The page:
Ellen Hersher is a scholar and archaeologist associated with CAARI. Cyprus has been a specialty for over 40 years. Looting is a historical problem in Cyprus. Looting still goes on until today. Looting only declined during the periods of WWI and WWII and during the 1950’s when British forces were involved in anti-insurgency operations. Wealthy Cypriots have collected Cypriot antiquities since the 19th Century. There is no shame in looting in Cyprus. Increasing efforts are being made to educate the populace. There is a great need for a new museum (the current one dates back to Victorian times) to encourage youth to respect their past. Metal detectors continue to be a serious problem; more legislation is needed. The major collections are grandfathered in. It is Ms. Hersher’s opinion that they are no longer adding much material, but most Cypriots don’t think that looting is wrong. We shouldn’t point fingers at Cyprus, but try to fix the problem.
Anne Marie Knobloch is a CAARI board member, who teaches at Virginia Tech. She is also an AIA member. Cyprus has important religious sanctuaries that need to be studied. Virginia Tech offers students the opportunity to excavate in Cyprus and would like to do more with Cypriot students.
Laetitia La Follette is the AIA’s VP for professional responsibility. She is associated with the University of Massachusetts. Looting remains a problem, including for coins. Because ancient coins are handmade, they are all different and may be traced. The AIA can help draft the designated list. The laws in the Greek Cypriot area need to be tightened. The laws in the North are actually stronger.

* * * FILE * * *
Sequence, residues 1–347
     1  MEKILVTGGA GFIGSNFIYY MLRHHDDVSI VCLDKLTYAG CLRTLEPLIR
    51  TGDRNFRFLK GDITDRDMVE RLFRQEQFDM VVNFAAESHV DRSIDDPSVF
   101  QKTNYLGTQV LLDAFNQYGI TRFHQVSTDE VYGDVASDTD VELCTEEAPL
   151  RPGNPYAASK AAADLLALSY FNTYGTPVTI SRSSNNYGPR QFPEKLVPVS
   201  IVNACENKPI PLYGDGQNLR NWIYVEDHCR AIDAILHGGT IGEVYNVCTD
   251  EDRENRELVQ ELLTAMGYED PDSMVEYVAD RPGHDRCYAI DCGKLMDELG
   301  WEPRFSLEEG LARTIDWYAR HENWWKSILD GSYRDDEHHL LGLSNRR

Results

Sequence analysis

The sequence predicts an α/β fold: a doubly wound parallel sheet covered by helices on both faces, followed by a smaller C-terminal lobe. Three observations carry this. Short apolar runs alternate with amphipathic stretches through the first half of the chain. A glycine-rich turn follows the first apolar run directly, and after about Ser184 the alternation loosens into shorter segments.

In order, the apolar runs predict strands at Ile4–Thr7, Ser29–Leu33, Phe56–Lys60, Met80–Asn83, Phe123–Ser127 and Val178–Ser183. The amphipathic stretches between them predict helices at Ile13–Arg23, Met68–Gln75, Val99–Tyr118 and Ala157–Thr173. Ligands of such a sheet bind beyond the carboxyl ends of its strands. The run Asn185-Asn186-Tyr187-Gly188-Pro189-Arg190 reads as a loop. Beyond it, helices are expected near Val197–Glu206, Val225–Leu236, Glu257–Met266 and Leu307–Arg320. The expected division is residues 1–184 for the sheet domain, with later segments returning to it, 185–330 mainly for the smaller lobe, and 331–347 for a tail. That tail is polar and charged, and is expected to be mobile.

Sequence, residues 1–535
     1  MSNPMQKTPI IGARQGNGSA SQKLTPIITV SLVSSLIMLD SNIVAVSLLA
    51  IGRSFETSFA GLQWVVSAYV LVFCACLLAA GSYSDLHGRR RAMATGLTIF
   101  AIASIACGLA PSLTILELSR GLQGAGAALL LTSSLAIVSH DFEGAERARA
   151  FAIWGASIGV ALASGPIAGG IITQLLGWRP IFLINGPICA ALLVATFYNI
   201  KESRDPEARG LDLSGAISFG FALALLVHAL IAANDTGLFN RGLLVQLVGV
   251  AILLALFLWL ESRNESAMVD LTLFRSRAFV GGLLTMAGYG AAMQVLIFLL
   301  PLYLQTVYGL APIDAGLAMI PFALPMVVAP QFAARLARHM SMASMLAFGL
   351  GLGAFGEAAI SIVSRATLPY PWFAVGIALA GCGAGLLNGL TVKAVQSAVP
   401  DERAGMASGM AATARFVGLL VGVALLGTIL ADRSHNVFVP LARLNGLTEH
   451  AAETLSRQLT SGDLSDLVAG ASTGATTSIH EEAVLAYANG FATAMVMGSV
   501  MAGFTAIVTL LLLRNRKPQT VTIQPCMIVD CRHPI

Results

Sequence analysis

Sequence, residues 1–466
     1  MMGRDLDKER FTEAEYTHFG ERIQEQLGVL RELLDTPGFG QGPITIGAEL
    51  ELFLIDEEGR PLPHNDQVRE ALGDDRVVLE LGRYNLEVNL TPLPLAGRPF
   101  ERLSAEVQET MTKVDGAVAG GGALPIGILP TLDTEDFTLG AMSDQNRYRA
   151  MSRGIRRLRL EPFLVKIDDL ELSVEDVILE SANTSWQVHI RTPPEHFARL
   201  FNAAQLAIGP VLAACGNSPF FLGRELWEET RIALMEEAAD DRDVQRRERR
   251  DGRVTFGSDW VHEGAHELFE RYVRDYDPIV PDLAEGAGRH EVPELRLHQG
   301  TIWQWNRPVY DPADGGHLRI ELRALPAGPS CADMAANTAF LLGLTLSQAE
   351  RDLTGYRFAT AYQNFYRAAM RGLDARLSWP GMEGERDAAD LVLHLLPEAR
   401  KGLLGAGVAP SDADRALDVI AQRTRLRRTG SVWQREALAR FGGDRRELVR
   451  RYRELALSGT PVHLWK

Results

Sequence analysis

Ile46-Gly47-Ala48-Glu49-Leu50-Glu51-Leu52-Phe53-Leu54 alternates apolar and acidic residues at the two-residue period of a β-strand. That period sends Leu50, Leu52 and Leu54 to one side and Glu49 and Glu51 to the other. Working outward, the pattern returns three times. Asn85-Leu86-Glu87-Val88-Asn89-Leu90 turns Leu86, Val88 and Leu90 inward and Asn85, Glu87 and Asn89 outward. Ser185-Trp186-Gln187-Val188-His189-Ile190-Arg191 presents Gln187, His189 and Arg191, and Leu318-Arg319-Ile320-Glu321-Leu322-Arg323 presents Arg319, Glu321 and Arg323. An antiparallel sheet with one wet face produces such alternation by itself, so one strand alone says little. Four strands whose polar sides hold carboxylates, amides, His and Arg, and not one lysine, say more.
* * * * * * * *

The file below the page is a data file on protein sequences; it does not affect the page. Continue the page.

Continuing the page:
Andrew McCarthy is a CAARI trustee. Looting has increased since the 1960’s. There is a famous incident where a tomb was set aside as a dowry. The Department of Antiquities is doing its best to fight against looting. A site where McCarthy works has not suffered looting from 2007-2011. There was one incident where looters struck the site, presumably looking for coins. CAARI gives all documentation created from archaeological investigations to the Department of Antiquities. MOU’s can help educate Cypriots about the importance of their heritage.
Joanna Smith of Princeton is a past CAARI Trustee. Cyprus is an academic cross-roads. Cypriot children are being taught about their history and Cyprus sends exhibits abroad.
Chris Shaegel is from the University of Cyprus. He works closely with CAARI. Because there are few manuscripts that predate 1600, the preservation of Cypriot material culture is important. Coins should be protected and the restrictions should be extended further in time. Icons also need protection. There is no internal market in Cyprus.
Peter Tompa spoke for IAPN and PNG, two trade associations that represent the small business of the numismatic trade. Each Committee member must ask themselves whether they can do so in good conscious after considering these undisputed facts: (1) Coins were evidently placed on the designated list on the orders of former Undersecretary Nicholas Burns as a “thank you” to Cypriot advocacy groups which had given him an award; (2) Jay Kislak, CPAC’s former chair, has stated under oath that the State Department misled Congress and the Public about CPAC’s vote against import restrictions on coins: (3)In 2007, the AIA claimed that Cypriot coins “rarely circulated” to justify restrictions on “coins of Cypriot type.” However, a top Cypriot official has admitted that “It is true that Cypriot coins shared the same destiny as all other coins of the ancient world. As a standard media of exchange they circulated all over the ancient world due to their small size, which facilitated their easy transport…” Moreover, this view has substantial scholarly support; (4) The CPIA requires less drastic remedies to be tried first before import restrictions are imposed, but Cyprus has no coherent regulatory scheme for metal detectors and even allows British tourists to bring them to the Island; and (5) Restrictions imposed on unprovenanced “coins of Cypriot type” only discriminate against American collectors and the small businesses of the numismatic trade; such coins may be shipped from abroad to anywhere but the USA, including Cyprus.